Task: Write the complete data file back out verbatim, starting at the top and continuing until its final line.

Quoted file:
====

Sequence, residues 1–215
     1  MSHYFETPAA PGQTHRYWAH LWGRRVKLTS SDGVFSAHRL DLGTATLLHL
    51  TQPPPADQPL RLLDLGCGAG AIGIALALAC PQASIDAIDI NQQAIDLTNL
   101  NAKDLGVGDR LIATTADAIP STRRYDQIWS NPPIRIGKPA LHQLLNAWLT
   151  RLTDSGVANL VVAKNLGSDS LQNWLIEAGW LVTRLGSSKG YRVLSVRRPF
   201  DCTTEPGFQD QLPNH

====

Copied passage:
Sequence, residues 1–215
     1  MSHYFETPAA PGQTHRYWAH LWGRRVKLTS SDGVFSAHRL DLGTATLLHL
    51  TQPPPADQPL RLLDLGCGAG AIGIALALAC PQASIDAIDI NQQAIDLTNL
   101  NAKDLGVGDR LIATTADAIP STRRYDQIWS NPPIRIGKPA LHQLLNAWLT
   151  RLTDSGVANL VVAKNLGSDS LQNWLIEAGW LVTRLGSSKG YRVLSVRRPF
   201  DCTTEPGFQD QLPNH